In a world full of a “ready, fire, aim” analysis, the rhetoric on social media dials up to “11” whenever the topic touches on politics. Thus, it’s best to remember this before aiming the flamethrower at one side or the other: None of the “Let’s go Brandon” brouhaha is the fault of NASCAR driver Brandon Brown.
None. Zero. Zilch. Nada.
Having said that, Brown is no longer a victim in this mess.
Brandon Brown has embraced a deal rooted in ‘Let’s go Brandon’
Less than two weeks after expressing frustration over his inability to line up sponsors for the 2022 NASCAR Xfinity Series, Brandon Brown has accepted a potentially lucrative deal that reminds the country how he landed in such a predicament in the first place.
The 28-year-old driver revealed Thursday that his Chevy Camaro will compete in the upcoming season under the sponsorship of LGBCoin, a cryptocurrency trying to leverage the popularity of what has become an anti-Joe Biden battle cry, Fox Business reported.
Literally overnight, “Let’s go Brandon” became the polite version of “F*** Joe Biden,” the phrase race fans chanted at Talladega as NBC Sports reporter Kelli Stavast spoke with Brown on the air following his surprising first victory in 114 Xfinity starts. In the midst of the interview, Stavast tried telling viewers that the chant in the background was, “Let’s go Brandon.”
That qualified her as the only person in America who didn’t know the crowd was the latest gathering of citizens expressing displeasure with Biden, presumably over his handling of the withdrawal from Afghanistan, the ongoing immigrant crisis at the Mexican border, policies related to the pandemic and the economy, and various other issues that have sent the president’s popularity numbers underwater.
Brandon Brown teaming with LGBcoin poses a problem for NASCAR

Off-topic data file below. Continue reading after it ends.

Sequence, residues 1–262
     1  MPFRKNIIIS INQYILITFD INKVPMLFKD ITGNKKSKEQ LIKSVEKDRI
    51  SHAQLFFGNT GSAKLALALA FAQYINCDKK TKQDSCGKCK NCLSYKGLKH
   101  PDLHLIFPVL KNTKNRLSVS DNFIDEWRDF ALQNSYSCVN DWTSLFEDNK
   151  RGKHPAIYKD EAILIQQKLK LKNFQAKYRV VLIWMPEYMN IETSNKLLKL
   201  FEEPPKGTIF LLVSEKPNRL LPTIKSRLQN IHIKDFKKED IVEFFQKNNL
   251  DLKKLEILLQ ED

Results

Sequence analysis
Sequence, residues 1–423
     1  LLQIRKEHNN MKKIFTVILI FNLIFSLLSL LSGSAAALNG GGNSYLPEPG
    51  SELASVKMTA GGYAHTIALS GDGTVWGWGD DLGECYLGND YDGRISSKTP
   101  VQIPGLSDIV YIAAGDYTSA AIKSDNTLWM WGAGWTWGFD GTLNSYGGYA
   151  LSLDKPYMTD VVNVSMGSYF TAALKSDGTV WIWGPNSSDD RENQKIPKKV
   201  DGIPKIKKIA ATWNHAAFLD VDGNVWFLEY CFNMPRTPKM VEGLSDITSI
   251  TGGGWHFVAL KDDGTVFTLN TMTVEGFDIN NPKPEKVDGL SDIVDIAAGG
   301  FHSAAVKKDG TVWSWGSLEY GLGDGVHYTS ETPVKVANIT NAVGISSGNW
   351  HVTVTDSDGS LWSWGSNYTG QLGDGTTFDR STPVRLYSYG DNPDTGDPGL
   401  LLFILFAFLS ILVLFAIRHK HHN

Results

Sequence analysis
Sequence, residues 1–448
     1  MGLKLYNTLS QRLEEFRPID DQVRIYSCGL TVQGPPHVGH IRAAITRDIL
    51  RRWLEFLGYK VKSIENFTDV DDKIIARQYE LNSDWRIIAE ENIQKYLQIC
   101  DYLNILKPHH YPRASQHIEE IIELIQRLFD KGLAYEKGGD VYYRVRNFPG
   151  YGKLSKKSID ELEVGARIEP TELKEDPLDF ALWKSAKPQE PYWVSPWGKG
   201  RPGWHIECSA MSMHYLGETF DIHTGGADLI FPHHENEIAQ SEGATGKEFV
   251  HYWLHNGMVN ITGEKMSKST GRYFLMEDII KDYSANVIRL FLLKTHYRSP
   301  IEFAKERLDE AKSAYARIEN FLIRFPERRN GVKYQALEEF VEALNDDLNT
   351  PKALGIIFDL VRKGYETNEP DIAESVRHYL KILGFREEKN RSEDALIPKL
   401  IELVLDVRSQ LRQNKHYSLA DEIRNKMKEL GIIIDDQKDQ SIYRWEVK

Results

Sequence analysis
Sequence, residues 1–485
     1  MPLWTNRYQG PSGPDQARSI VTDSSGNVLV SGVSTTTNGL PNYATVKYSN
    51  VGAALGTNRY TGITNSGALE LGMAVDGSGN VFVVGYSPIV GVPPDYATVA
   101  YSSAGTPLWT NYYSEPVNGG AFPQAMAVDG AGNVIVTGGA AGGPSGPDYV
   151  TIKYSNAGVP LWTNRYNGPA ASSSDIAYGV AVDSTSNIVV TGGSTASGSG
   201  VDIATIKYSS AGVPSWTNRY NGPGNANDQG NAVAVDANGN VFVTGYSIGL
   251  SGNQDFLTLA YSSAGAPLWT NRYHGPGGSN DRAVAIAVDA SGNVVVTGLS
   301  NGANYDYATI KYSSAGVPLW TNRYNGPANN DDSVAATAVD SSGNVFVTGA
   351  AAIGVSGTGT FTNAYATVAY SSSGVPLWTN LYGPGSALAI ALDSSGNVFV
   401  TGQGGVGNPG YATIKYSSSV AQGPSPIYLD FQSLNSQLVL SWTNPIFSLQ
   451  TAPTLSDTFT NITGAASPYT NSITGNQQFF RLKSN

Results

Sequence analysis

Brandon Brown’s revelation of a sponsorship agreement with LGBcoin as the year was winding down came unexpectedly. Less than two weeks earlier, the NASCAR driver told The New York Times he lacked sponsors because people associated his name with anti-Joe Biden sentiment. That was despite the fact he had nothing to do with the raunchy chant at Talladega, the NBC reporter’s misguided interpretation, or the phenomenon that “Let’s go Brandon” has become since Oct. 2.
NASCAR, its figurative nose already bloodied a year earlier in the controversy after Bubba Wallace successfully lobbied for the banning of Confederate flags at race venues and then pushed back hard against remarks by then-president Donald Trump, wanted nothing to do with the new political not topic.
“We do not want to associate ourselves with politics, the left or the right,” NASCAR president Steve Phelps said a month after Talladega. “We obviously have, and we’ve always had, as a sport tremendous respect for the office of the president no matter who is sitting.”
Now, Phelps finds himself and his sport squarely in the middle of a conundrum that would have had Solomon throwing up his arms in frustration.
NASCAR will have to walk a tightrope
Almost immediately after Brandon Brown announced that LGBcoin was sponsoring his car for the entire 2022 Xfinity Series season, a NASCAR spokesman said that the racing organization had not yet approved the deal between the driver’s team and the cryptocurrency start-up rooted in the Ethereum blockchain.
NASCAR has long enforced a policy of having the final say on sponsorships, branding, and paint schemes. This brewing controversy, though, isn’t as black-and-white as shooting down something like promotions for an adult website or drug paraphernalia. Indeed, the announcement from Brown and LGBcoin emphasizes the fledgling company’s ambition to remove the controversial connotation from “Let’s go Brandon.”
LBGcoin pointed to Brown’s perseverance and hard work.
“Brandon is truly America’s Driver,” the statement said. “We are proud to support Brandon this season, to help him continue his American dream. If we do our job right, when you think of us, and you hear, ‘Let’s go Brandon,’ you’ll think and feel, ‘Let’s Go America.’”
And therein lies the problem for NASCAR. Those with political views leaning toward the left will speak of dog whistles and the “wink, wink, nod, nod” subtleties they see (real or imagined) in the statement. Those leaning the other way can point to Brown’s right to make a living and how NASCAR and NBC inflicted potentially irreparable damage; the interview was uneventful until a reporter all but told viewers not to believe their ears.
Whatever the verdict, half the country will come away angry because that’s the way America is these days. And NASCAR must know that ruling against Brown and his sponsor will just trigger louder, more elaborate protests at tracks now that coronavirus variants and surging inflation are also part of Joe Biden’s resume.
But that doesn’t give Brown a free pass. After doing his best to distance himself from the controversy for close to three months, Brown has immersed himself in it. He may be innocent of wrongdoing, but he is no longer a victim.